A new study by the Urban Institute
shows that Denver scored big with a "housing first" program that ran from 2016 through 2020.
"The Social Impact Bond was a remarkable success," says Sarah Gillespie, associate vice president of metropolitan housing and communities policy at the Urban Institute, a Washington, D.C.-based think tank that focuses on economic and social policy research.
"What we think this shows is that if you’re offering supportive housing from a housing-first approach, the vast majority of people are going to take it up and stay."
Under the Denver Social Impact Bond program
, private organizations handed over $8.6 million to service providers to fund a supportive housing initiative, with the promise that the City of Denver would repay (and then some) the organizations if positive results were generated. The program focused on getting housing and providing wraparound services for people experiencing chronic homelessness, individuals who "have been experiencing homelessness for at least one year and have a disability — a physical or mental disability, a substance use disorder, or some combination of those," according to the study.
The Colorado Coalition for the Homeless
and the Mental Health Center of Denver
housed 365 people as part of the Denver Social Impact Bond program. Many lived in buildings owned by the two organizations, while others used vouchers to stay in units owned by other landlords.
"Of all the people that the service providers reached out to, 79 percent ended up moving into housing," Gillespie says. "That kind of dispels the false narrative around homelessness being a choice."
Social Impact Bond participants stayed in apartments like this one at the Colorado Coalition for the Homeless's Renaissance Downtown Lofts.
Courtesy of Colorado Coalition for the Homeless
The Urban Institute, partnering with the Evaluation Center at the University of Colorado Denver
, tracked progress through a randomized control trial of 724 eligible candidates — people with "eight or more arrests over three years, including at least three arrests in which the individual was marked as transient, meaning they had no permanent address at the time of the police contact " — of which 363 were in the program.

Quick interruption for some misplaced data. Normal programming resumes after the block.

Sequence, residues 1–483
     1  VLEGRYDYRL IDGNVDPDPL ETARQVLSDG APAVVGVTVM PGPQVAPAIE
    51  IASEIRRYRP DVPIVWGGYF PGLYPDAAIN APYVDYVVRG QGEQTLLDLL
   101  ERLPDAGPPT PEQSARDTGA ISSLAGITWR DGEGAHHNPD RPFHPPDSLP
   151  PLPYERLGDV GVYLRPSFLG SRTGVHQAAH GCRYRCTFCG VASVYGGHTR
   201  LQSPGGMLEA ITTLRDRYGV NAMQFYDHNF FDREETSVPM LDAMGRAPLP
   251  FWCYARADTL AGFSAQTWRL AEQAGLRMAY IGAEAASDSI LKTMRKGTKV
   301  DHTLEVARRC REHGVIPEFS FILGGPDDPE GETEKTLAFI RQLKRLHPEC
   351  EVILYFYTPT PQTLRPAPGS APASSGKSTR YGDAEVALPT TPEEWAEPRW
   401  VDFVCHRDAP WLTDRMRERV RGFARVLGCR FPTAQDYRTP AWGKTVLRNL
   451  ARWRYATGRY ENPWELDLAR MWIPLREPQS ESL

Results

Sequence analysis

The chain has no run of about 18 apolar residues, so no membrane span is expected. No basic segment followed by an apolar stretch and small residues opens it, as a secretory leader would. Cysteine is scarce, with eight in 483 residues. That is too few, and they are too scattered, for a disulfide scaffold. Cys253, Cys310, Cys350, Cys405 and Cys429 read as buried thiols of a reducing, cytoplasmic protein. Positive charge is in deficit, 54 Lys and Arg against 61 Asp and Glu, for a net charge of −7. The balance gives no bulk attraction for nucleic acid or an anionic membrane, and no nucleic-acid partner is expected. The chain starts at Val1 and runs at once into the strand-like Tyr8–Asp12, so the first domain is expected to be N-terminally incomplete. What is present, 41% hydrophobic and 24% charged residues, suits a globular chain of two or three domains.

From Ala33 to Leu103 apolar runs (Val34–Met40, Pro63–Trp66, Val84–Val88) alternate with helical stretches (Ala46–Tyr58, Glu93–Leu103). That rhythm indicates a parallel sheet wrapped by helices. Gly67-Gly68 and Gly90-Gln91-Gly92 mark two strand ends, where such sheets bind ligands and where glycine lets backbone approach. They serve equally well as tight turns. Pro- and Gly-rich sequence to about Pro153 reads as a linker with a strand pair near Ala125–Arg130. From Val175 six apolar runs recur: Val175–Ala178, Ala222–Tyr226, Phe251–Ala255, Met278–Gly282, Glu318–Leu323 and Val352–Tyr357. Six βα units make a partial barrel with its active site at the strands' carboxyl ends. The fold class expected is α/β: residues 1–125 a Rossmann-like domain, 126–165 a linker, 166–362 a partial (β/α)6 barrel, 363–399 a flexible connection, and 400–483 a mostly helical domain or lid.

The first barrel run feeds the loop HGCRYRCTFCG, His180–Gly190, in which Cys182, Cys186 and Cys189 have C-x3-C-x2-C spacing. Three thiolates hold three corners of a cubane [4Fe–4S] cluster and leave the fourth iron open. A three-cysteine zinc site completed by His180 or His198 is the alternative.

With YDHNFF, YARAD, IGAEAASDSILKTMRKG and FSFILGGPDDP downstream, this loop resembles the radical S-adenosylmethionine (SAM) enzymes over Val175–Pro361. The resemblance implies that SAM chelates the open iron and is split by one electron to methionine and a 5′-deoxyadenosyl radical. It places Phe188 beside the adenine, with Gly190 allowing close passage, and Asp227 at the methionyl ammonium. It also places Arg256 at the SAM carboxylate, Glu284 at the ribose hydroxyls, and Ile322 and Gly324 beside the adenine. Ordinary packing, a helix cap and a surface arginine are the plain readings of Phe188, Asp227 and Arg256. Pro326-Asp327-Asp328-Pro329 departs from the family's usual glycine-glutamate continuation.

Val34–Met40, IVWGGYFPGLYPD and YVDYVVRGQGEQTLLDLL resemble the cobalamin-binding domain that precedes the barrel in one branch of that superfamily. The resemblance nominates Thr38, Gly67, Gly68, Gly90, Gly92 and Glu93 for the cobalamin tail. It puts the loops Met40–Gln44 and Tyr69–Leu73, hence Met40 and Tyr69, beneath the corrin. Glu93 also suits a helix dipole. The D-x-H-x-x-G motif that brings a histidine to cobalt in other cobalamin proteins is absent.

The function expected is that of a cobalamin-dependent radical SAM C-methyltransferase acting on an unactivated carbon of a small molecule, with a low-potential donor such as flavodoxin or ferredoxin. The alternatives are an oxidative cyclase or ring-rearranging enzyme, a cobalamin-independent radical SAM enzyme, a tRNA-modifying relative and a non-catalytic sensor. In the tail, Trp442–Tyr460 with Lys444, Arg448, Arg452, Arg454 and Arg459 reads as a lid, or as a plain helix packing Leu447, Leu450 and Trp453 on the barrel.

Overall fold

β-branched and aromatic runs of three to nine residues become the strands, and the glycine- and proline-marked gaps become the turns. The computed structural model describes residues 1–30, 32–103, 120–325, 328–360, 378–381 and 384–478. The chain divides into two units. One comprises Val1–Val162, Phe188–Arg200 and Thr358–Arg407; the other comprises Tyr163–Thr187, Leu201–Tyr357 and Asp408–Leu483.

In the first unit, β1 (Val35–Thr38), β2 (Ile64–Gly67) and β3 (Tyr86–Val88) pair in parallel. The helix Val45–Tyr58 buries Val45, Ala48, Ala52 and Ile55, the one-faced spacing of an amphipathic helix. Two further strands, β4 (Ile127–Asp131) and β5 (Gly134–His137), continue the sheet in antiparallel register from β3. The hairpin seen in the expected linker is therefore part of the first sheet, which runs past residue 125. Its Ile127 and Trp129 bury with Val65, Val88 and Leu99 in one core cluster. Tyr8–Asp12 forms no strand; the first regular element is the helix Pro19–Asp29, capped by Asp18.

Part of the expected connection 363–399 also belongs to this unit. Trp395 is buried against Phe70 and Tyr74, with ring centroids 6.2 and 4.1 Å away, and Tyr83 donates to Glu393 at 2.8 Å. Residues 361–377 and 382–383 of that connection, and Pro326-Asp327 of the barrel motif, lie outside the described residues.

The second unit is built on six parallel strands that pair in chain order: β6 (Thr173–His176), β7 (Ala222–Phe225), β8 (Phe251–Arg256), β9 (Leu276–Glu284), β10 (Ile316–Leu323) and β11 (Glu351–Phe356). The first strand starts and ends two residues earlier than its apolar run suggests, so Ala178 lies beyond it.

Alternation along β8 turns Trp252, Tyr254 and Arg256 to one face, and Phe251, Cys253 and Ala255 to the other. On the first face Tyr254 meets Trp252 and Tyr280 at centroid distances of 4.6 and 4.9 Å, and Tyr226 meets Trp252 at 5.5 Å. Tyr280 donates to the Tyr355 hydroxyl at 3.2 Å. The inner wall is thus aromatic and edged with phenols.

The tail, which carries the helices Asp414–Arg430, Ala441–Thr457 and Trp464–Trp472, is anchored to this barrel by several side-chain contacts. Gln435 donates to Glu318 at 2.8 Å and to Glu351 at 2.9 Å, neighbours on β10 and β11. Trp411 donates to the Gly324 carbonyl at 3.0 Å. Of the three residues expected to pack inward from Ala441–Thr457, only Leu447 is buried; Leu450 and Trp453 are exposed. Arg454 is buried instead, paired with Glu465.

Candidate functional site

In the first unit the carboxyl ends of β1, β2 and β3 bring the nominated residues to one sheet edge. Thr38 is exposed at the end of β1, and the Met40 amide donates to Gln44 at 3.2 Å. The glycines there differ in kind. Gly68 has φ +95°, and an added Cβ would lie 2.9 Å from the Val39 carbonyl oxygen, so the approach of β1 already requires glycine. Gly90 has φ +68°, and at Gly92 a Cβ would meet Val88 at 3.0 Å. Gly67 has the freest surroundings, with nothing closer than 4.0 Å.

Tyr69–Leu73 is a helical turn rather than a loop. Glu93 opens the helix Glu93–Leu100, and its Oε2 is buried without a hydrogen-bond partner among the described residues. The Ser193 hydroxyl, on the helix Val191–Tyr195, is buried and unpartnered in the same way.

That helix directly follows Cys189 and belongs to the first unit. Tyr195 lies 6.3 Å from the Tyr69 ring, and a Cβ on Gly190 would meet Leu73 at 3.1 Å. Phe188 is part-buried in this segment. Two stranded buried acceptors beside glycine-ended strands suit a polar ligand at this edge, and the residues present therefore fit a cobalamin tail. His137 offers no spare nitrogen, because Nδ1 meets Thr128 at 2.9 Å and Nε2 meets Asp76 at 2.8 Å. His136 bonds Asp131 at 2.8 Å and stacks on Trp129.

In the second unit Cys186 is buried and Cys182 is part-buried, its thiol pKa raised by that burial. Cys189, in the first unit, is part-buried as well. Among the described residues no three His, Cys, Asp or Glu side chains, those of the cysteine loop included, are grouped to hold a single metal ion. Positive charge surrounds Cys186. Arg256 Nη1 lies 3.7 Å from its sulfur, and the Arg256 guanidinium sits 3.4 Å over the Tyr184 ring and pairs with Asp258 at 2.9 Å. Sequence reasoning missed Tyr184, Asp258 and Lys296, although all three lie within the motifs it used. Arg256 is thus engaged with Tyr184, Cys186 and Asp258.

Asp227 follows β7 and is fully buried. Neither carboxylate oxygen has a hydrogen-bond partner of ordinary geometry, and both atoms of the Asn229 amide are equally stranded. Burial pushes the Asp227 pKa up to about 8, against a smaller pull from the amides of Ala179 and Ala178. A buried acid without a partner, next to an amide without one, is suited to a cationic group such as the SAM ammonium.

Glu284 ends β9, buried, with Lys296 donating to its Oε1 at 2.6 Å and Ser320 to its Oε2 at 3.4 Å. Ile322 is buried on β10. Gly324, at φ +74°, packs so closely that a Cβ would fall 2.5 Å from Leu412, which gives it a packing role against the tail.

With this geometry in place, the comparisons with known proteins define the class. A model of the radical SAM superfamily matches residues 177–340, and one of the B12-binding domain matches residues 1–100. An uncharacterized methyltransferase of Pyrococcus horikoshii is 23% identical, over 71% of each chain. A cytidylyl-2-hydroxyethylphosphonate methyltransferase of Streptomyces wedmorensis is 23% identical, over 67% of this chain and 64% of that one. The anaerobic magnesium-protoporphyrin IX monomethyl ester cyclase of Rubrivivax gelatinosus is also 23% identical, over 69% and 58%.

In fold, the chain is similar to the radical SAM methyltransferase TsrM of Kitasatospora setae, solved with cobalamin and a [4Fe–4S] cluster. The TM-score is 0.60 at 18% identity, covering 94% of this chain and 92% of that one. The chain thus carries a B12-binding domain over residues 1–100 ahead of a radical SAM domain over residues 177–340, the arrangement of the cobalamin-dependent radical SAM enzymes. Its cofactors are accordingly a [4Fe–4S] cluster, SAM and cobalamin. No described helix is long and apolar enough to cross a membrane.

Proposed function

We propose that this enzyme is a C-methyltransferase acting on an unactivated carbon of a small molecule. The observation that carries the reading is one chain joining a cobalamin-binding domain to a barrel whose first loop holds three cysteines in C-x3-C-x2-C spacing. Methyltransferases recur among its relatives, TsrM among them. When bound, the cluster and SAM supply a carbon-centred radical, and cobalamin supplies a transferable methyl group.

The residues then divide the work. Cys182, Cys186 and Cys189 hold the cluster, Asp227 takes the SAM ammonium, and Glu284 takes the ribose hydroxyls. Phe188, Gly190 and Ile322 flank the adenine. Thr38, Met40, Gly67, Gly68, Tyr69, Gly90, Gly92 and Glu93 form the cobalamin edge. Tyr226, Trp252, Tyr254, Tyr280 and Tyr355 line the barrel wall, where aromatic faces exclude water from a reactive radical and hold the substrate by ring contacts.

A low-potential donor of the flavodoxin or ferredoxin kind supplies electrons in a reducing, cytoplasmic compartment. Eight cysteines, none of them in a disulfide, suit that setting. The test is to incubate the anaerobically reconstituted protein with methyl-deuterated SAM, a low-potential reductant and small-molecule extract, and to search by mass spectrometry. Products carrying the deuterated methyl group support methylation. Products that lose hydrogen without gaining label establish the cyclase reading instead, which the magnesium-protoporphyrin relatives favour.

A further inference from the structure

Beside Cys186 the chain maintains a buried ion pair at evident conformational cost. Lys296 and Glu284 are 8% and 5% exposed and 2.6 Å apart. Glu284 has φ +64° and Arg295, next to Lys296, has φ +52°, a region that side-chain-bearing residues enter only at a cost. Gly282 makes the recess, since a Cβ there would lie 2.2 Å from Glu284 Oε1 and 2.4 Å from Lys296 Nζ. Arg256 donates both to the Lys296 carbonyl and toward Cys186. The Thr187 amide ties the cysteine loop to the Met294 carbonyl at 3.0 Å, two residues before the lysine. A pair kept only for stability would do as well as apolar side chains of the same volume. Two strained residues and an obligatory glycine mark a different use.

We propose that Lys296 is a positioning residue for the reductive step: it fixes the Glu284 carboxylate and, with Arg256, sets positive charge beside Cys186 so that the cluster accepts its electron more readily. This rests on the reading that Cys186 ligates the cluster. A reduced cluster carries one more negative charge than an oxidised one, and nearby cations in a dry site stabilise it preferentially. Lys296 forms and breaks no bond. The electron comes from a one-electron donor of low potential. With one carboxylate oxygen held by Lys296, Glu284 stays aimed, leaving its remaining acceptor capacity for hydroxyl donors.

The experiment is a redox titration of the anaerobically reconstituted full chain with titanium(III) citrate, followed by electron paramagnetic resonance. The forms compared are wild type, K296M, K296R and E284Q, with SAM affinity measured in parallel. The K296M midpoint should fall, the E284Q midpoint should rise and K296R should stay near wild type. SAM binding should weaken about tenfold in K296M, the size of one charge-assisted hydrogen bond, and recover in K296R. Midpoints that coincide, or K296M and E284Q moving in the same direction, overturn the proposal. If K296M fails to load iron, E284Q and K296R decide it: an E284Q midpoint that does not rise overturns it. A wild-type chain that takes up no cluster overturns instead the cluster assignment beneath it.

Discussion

With low barriers to entry — participants didn't have to be sober or working — success rates were high, and the city wound up paying back the $8.6 million loaned by private organizations, as well as an additional $1 million.
Of those who participated in the program, 77 percent stayed in housing after three years. Another 12 percent passed away, which generally tracked with the control group. "We wouldn’t say it’s surprising," Gillespie says. "I think what it does is reflect the [Social Impact Bond] really targeted the most vulnerable residents in Denver."
Those program participants who weren't in housing stayed in shelters for fewer days than members of the control group. "Qualitatively, Denver [Social Impact Bond] service providers reported that some participants may have continued to use shelters while they were connecting and engaging with providers and considering the offer of supportive housing," the study notes. "They may also have visited shelters to reconnect with their communities before or after moving into Denver SIB housing."
Participants came into contact with police 34 percent less than those in the control group. Additionally, the arrest rate for those in the program was 40 percent lower than those in the control group. Furthermore, individual jail stays and total days spent in jail were way down for the participant group; there was also a 65 percent reduction in the use of detox services for participants as compared to the control group.
"The Denver [Social Impact Bond] demonstrated that with the offer of housing first and the right supports, people can exit homelessness and remain housed, even after living on the streets or in shelters for years and grappling with mental health and substance-use challenges," the authors of the study conclude.
The study shows "that people want housing and they will follow the path and get that housing, and they do better once they’re housed," says Britta Fisher, head of Denver's Department of Housing Stability
"What I appreciate about this study is that it quantifies and proves out several things that we’ve known — that this cycle of in and out of jail, detox and emergency care really costs a lot of money to the city, to our taxpayers and to our systems, and it also shows that housing plus services, supportive housing, is a better investment," she continues. "It has good value and it has good outcomes that are good for the people involved."
The city needs to do more of this type of investment, Fisher says, and several projects are already under way.
"HOST is currently providing financing toward four supportive-housing projects that are under construction in the downtown area and East Colfax," says Derek Woodbury, a spokesperson for the department. "These projects will deliver an additional 254 units. The HOST investment is $12.39 million."
The study's results were released at an Urban Institute event with Denver officials on July 15. "The reason we feel confident calling it a remarkable success is because it is the most rigorous methods we can use," notes Gillespie. "We like to call that out because not many local governments go for the randomized control trial."